It’s quiet in the new house. It reminds me of long, warm afternoons spent holed up in my bedroom as a young girl. This must have been before my twin brothers were born. Although, when I think back on those days, I don’t remember the house getting much louder or chaotic when they arrived. Just more exciting on a deep, internal level. Anyway, when I’m in our new house, I feel familiar feelings of my childhood. Every creak feels special and deserving — our home was built in the late twenties, if I’m remembering correctly — and the kitchen cabinets give the impression that they have soaked up a lot of stories over the years. When I’m in our kitchen, memories from my childhood kitchen rise to the surface every now again. It’s a nice feeling, being here. (And there.)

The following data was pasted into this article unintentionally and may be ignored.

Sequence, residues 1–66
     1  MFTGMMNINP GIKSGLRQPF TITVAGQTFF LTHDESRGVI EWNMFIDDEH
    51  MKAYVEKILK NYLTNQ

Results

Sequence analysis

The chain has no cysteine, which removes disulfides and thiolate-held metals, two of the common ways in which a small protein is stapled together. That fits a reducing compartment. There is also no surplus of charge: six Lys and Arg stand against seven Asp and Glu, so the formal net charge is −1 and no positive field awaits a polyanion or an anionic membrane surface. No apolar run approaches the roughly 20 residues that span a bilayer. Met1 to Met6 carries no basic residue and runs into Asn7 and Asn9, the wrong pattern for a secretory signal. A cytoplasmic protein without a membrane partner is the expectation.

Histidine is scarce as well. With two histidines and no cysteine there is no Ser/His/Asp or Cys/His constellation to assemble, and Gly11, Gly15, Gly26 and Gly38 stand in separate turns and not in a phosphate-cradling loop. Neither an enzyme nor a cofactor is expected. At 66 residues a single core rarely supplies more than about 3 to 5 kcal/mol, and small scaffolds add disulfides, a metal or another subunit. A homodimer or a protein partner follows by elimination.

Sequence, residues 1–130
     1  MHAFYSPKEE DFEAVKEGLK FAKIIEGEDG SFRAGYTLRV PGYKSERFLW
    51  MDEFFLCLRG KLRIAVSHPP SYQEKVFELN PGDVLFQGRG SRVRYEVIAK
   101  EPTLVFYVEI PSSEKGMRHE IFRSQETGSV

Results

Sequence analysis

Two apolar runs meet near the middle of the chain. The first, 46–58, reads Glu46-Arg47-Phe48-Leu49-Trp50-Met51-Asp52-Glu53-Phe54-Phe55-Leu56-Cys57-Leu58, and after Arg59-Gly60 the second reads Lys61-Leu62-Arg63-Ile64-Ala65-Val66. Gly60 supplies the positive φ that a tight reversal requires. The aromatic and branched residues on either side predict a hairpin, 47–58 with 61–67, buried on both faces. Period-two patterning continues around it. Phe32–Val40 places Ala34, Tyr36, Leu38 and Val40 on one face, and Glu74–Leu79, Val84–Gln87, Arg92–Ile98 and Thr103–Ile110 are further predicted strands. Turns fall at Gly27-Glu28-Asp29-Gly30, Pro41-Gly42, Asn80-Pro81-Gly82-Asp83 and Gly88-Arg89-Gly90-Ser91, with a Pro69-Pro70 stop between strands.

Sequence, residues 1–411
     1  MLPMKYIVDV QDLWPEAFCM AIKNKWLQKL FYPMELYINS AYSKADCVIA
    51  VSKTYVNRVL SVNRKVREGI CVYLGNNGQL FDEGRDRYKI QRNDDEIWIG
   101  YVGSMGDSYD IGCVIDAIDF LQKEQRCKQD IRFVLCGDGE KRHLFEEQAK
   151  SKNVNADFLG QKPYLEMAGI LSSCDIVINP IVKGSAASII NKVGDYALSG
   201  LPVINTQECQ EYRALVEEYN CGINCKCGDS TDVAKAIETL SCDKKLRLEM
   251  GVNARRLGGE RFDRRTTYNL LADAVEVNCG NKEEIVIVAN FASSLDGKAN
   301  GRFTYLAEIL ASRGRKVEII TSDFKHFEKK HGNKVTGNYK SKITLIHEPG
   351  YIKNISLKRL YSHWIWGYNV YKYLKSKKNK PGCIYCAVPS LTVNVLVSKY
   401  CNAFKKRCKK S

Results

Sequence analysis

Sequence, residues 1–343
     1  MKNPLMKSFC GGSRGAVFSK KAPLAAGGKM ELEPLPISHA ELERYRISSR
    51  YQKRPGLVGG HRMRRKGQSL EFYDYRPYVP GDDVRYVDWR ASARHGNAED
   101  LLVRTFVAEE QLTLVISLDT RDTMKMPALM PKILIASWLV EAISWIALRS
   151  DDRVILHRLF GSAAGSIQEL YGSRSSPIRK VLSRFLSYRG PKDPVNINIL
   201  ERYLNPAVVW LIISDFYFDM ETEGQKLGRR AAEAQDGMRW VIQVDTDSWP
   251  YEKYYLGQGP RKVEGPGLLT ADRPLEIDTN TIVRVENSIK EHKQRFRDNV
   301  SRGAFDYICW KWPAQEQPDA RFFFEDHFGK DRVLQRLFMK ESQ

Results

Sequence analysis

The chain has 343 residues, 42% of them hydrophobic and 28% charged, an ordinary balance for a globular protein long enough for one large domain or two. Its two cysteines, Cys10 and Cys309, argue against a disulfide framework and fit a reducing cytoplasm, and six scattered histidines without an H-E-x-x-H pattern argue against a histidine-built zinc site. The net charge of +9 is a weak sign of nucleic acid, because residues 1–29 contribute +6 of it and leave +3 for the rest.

Our house is the kind of house that almost feels as though you have to work to live in it. The kitchen is pretty tiny, and I like it that way; our washer and dryer set up is in the garage. There was a tiny door, built later in the life of this house, that connects our living room to the garage, which sounds weird and it kind of is. I don’t know when that door was built, but there were a good number of years during which whoever occupied the home didn’t have this luxury. The house isn’t small, but it is doesn’t leave one with a lot of space to fill, which I also love. You can only fit what you really need, and with those things you have the capacity to create so many memories. This is the kind of house that gives the impression that it can’t be owned. It doesn’t feel like we own it, at least. Rather, to me, it feels as though our family will be only a small part of its rich life.